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Abstract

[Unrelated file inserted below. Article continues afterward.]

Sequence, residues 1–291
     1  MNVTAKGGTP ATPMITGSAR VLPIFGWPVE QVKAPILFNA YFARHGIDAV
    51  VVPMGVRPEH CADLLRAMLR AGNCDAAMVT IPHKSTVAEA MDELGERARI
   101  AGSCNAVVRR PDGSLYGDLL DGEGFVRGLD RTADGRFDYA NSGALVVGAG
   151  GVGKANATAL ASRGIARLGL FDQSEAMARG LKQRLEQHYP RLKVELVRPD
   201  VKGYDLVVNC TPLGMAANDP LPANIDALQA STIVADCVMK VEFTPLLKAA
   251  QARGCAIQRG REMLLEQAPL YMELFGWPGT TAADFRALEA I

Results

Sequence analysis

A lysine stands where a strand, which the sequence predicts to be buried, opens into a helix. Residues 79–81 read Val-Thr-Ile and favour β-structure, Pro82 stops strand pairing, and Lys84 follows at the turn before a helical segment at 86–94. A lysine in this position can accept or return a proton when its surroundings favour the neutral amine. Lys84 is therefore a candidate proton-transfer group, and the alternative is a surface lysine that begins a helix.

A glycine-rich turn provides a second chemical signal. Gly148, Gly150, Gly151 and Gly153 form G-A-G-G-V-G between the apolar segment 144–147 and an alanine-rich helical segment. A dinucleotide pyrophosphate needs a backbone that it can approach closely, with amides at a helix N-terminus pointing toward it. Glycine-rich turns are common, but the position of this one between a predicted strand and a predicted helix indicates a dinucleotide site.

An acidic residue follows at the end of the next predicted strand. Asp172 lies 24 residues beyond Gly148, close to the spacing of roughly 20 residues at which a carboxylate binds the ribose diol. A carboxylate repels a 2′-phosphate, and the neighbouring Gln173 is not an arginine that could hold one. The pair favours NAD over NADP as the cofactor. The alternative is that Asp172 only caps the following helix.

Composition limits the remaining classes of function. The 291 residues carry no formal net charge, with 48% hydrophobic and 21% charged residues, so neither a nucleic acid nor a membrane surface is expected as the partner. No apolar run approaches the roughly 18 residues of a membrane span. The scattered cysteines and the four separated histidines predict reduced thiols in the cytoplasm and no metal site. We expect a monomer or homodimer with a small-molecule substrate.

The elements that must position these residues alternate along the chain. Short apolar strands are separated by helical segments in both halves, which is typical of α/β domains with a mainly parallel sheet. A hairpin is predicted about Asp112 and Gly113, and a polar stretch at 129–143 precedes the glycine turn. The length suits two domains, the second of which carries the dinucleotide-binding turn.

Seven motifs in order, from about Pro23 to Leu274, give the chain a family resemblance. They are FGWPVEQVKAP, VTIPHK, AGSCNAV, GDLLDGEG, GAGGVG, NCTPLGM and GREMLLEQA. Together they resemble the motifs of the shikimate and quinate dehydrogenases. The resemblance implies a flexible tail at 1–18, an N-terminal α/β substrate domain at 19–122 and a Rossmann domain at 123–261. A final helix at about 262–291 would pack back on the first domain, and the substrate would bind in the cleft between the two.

Part II of this paper briefly describes the federal rule in order to appreciate the context of the North Carolina approach to expert testimony. Part III traces the development of North Carolina's expert testimony law from the common law to codification in the rules of evidence through the decision in Howerton and reveals that the North Carolina test for reliability is, essentially, an evaluation of the credibility of the testifying expert. Part IV argues that Howerton's adoption of a less stringent and credibility-based substantive test for reliability but retention of the Daubert procedural "gatekeeping" role of the judge in determining admissibility of expert testimony only partially addresses the Daubert problems the Howerton court sought to avoid.

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